I have a gtex variant file- the head of which looks as follows:

phenotype_id                                    variant_id     
chr1:15947:16607:clu_36198:ENSG00000227232.5    chr1_13550_G_A_b38  ...
chr1:15947:16607:clu_36198:ENSG00000227232.5    chr1_14671_G_C_b38  ...
chr1:15947:16607:clu_36198:ENSG00000227232.5    chr1_14677_G_A_b38  ...
chr1:15947:16607:clu_36198:ENSG00000227232.5    chr1_16841_G_T_b38  ...

Effectively I would like to be able to lookup the variants inside a particular gene (the file is sorted) and put them in a temporary file: E.g. If the variants in gene "ENSG00000148481- MINDY3" are on line number 87528225 to 87536766- effectively what I would like is the equivalent to zcat file.gz | sed -n '87528225,87536766p' > MINDY3.txt. However zgrep ENSG00000148481 file.gz is just as fast as the above...

Hence I thought tabix would be the right tool for this-

I would like to tabix index it to make lookups faster. It is gzip compressed and I will firstly have to do:

zcat gtex.txt.gz | bgzip > gtex.txt.bgz

However I am not quite sure how to proceed from there given that the data is not tab-delimited.

As a trial I tried the first 1000 lines:

zcat gtex.txt.gz | head -n 1000 | bgzip > gtex_1000.txt.bgz

./tabix -p bed gtex_1000.gz #index as a bed file
[get_intv] the following line cannot be parsed and skipped: chr1:15947:16607:clu_36198:ENSG00000227232.5        chr1_13550_G_A_b38     ......

./tabix -p vcf gtex_1000.gz #index as a vcf file
Indexing as a bed file results in a warning while indexing as a vcf gives no warning yet either way when I try to retrieve a sequence:

./tabix test.gz chr1:15000:17000

It returns nothing.

I am starting to think that I will just have to write a script that splits on the ':' and writes the data to a new file.... and then index that file- which will take a huge amount of time ... Does anyone know of a trick to index the files with unconventional delimiting?

  • $\begingroup$ Suppose that you could successfully creat an index file for your txt file, which program would be used to read it? $\endgroup$
    – Phoenix Mu
    Aug 29 '20 at 2:21
  • $\begingroup$ @PhoenixMu see the way that I have used sed in the updated question... this was my plan... although this was the same speed as grep $\endgroup$ Aug 31 '20 at 16:25
  • $\begingroup$ I think tabix only works for bed and vcf format. Your file is not in bed format? $\endgroup$
    – Phoenix Mu
    Sep 1 '20 at 17:13
  • $\begingroup$ Yes it's not in bed format as the coordinate columns are : delimited and the file is too big to justify producing a copy with properly delimited columns- I am in the process of making an index file myself and will post an answer if it works $\endgroup$ Sep 2 '20 at 9:06

Tabix files need a name and a genomic coordinate at least. Tabix can be (ab)used by creating a fake genomic coordinate and then it just indexes names but not sure I would recommend this usage. What is your actual expected application of this?

  • $\begingroup$ Hi @Colin thanks for getting to me- I just want to be able to take out all variants inside a particular gene- for example if the variants in gene "ENSG00000148481- MINDY3" are on line number 87528225 to 87536766- effectively what I would like is the equivalent to zcat file.gz | sed -n '87528225,87536766p' > MINDY3.txt Hence I thought tabix would be the right one for this $\endgroup$ Aug 31 '20 at 8:12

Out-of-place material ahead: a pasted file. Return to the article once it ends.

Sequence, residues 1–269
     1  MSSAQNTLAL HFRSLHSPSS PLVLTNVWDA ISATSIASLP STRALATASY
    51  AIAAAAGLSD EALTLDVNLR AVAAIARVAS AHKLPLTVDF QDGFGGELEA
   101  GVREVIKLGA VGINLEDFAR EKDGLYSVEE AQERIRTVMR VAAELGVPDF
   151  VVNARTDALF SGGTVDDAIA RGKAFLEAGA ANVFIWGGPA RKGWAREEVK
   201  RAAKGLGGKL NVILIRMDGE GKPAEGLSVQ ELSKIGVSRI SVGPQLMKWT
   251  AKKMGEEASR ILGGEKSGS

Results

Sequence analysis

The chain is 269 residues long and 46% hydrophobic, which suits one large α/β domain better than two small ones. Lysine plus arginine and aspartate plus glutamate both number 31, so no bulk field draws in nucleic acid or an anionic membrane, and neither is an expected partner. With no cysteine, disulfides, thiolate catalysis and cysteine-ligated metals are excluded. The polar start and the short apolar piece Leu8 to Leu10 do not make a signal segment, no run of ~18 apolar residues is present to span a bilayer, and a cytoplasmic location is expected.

• $\begingroup$ Here is an example of a tabix file that has been hacked up to allow "free text query". target.wustl.edu/ENCFF000ARO_ALL.iteres.loci.gz So they can query tabix file.txt "A(n)" and because there are many lines starting with A(n) it will return all of them $\endgroup$
    – Colin D
    Aug 31 '20 at 15:48
  • $\begingroup$ Can also check out other options for text indexing unix.stackexchange.com/questions/3086/… $\endgroup$
    – Colin D
    Aug 31 '20 at 16:08

I proceeded as follows:

import gzip
import sys

tissues=['Adipose_Subcutaneous', 'Adipose_Visceral_Omentum', 'Adrenal_Gland', 'Artery_Aorta', 'Artery_Coronary', 'Artery_Tibial', 'Brain_Amygdala', 'Brain_Anterior_cingulate_cortex_BA24', 'Brain_Caudate_basal_ganglia', 'Brain_Cerebellar_Hemisphere', 'Brain_Cerebellum', 'Brain_Cortex', 'Brain_Frontal_Cortex_BA9', 'Brain_Hippocampus', 'Brain_Hypothalamus', 'Brain_Nucleus_accumbens_basal_ganglia', 'Brain_Putamen_basal_ganglia', 'Brain_Spinal_cord_cervical_c-1', 'Brain_Substantia_nigra', 'Breast_Mammary_Tissue', 'Cells_Cultured_fibroblasts', 'Cells_EBV-transformed_lymphocytes', 'Colon_Sigmoid', 'Colon_Transverse', 'Esophagus_Gastroesophageal_Junction', 'Esophagus_Mucosa', 'Esophagus_Muscularis', 'Heart_Atrial_Appendage', 'Heart_Left_Ventricle', 'Kidney_Cortex', 'Liver', 'Lung', 'Minor_Salivary_Gland', 'Muscle_Skeletal', 'Nerve_Tibial', 'Ovary', 'Pancreas', 'Pituitary', 'Prostate', 'Skin_Not_Sun_Exposed_Suprapubic', 'Skin_Sun_Exposed_Lower_leg', 'Small_Intestine_Terminal_Ileum', 'Spleen', 'Stomach', 'Testis', 'Thyroid', 'Uterus', 'Vagina', 'Whole_Blood']


def index(tissue,qtl,gene_old):
        if qtl=='sqtls':
        f = gzip.open(path, 'r')
        for line in f:
                        with open(qtl+'_'+tissue+'.idx','a') as indexed:          
                        counter +=1
                except IndexError:

for qtl in qtls:
        for tissue in tissues:
               print(qtl, tissue)

The above script writes an index for each gene which should look as follows (took 2 days to finish all files):

ensid    row_start    row_end
ENSG00000230337     1526391 1534329
ENSG00000171819 1534330 1542321
ENSG00000198793    1542322 1550178
ENSG00000120942  1550179 1558010

And to get a gene of interest you will have to look up the coordinates for an ensemblid/gene and for example:

zcat Brain_Nucleus_accumbens_basal_ganglia.v8.sqtl_allpairs.txt.gz | sed -n '1550179,1558010p;1558011q' > ENSG00000120942.txt

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